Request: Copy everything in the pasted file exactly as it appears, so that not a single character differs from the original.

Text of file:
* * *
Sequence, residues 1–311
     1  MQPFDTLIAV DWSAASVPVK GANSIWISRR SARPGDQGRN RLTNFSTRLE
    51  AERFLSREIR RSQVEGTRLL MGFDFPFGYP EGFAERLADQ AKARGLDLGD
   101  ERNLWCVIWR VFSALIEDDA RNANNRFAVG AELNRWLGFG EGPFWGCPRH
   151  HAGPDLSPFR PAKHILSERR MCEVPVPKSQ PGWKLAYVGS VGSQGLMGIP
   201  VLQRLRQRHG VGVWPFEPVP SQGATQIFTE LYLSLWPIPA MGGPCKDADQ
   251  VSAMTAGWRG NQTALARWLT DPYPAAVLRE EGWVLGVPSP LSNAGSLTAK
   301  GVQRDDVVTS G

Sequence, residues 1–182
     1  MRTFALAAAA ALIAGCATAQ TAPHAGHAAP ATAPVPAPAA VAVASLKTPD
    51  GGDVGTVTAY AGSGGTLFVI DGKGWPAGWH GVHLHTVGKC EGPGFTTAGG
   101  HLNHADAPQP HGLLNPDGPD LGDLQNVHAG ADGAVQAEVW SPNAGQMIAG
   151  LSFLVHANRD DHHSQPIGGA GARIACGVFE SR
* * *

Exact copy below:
Sequence, residues 1–311
     1  MQPFDTLIAV DWSAASVPVK GANSIWISRR SARPGDQGRN RLTNFSTRLE
    51  AERFLSREIR RSQVEGTRLL MGFDFPFGYP EGFAERLADQ AKARGLDLGD
   101  ERNLWCVIWR VFSALIEDDA RNANNRFAVG AELNRWLGFG EGPFWGCPRH
   151  HAGPDLSPFR PAKHILSERR MCEVPVPKSQ PGWKLAYVGS VGSQGLMGIP
   201  VLQRLRQRHG VGVWPFEPVP SQGATQIFTE LYLSLWPIPA MGGPCKDADQ
   251  VSAMTAGWRG NQTALARWLT DPYPAAVLRE EGWVLGVPSP LSNAGSLTAK
   301  GVQRDDVVTS G

Sequence, residues 1–182
     1  MRTFALAAAA ALIAGCATAQ TAPHAGHAAP ATAPVPAPAA VAVASLKTPD
    51  GGDVGTVTAY AGSGGTLFVI DGKGWPAGWH GVHLHTVGKC EGPGFTTAGG
   101  HLNHADAPQP HGLLNPDGPD LGDLQNVHAG ADGAVQAEVW SPNAGQMIAG
   151  LSFLVHANRD DHHSQPIGGA GARIACGVFE SR